In his dramatic series Water meets colour, colour meets water, Paris-based photographer Arnaud Lajeunie captures striking images of ocean waves swirling with vibrant colors. Using sugar-based dyes, Arnaud stages artificial interventions in nature by tinting the surging water with a multitude of bright hues like acid green and deep indigo, creating visually startling scenes that depart from the traditional landscape.
The stunning images are filled with a feeling of gentle violence, as the colorful waves crash forcefully into rocks and then recede back into the sea. The unnatural-looking sprays of water evoke the imagery of chemical pollution or spills of blood that are washed away by the ocean. Arnaud’s photos challenge perceptions, forcing the viewer to reconsider the relationship between humans and nature.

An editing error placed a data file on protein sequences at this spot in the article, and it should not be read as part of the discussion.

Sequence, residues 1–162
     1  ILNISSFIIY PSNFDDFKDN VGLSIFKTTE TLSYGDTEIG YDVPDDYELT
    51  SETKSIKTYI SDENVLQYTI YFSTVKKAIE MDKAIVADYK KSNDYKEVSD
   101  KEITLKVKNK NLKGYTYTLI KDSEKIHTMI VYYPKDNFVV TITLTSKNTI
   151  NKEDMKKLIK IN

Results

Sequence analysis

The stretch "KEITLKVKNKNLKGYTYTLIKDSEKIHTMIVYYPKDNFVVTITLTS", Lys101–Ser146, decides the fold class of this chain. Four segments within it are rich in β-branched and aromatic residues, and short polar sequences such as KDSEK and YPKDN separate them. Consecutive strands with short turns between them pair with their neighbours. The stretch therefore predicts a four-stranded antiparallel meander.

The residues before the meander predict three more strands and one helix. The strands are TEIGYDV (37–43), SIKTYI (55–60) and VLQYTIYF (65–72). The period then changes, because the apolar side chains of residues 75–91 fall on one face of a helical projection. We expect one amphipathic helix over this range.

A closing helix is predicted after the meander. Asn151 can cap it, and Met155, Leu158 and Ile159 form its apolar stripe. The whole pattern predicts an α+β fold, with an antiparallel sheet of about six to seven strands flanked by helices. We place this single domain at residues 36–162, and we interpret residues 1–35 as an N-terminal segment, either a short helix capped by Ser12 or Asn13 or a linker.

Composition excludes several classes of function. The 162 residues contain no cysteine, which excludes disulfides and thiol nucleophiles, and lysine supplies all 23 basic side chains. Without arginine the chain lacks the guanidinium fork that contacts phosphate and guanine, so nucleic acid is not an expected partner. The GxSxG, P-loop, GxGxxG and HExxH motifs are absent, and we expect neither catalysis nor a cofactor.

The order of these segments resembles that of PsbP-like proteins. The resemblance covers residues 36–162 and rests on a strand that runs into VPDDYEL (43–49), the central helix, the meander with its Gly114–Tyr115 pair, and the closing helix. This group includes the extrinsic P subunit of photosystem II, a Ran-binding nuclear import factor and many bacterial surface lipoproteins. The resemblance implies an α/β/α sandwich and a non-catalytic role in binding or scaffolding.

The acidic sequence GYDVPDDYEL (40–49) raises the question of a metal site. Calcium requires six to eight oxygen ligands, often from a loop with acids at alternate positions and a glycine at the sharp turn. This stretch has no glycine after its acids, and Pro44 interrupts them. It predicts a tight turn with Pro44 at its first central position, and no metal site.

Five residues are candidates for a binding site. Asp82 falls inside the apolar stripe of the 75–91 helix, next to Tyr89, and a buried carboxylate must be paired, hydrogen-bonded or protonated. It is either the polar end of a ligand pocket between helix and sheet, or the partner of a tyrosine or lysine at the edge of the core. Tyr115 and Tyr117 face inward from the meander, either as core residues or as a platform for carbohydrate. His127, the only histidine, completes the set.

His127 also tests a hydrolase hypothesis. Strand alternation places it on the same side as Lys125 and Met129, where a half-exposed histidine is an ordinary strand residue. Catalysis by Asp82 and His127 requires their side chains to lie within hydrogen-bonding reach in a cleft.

“I rely on the camera as a device with technical features that can give tangible shapes to ever-moving fluxes, in this case the waves,” the photographer explains. “The high shutter speed transcends the human reflex of persistence of vision: it reveals existing shapes that the ‘mortal eye’ cannot perceive on its own. Here, colour is seen as a raw material, as are the waves and the rocks. Colour adds density and thickness to transparent water, thus enhancing the flux fixation process.”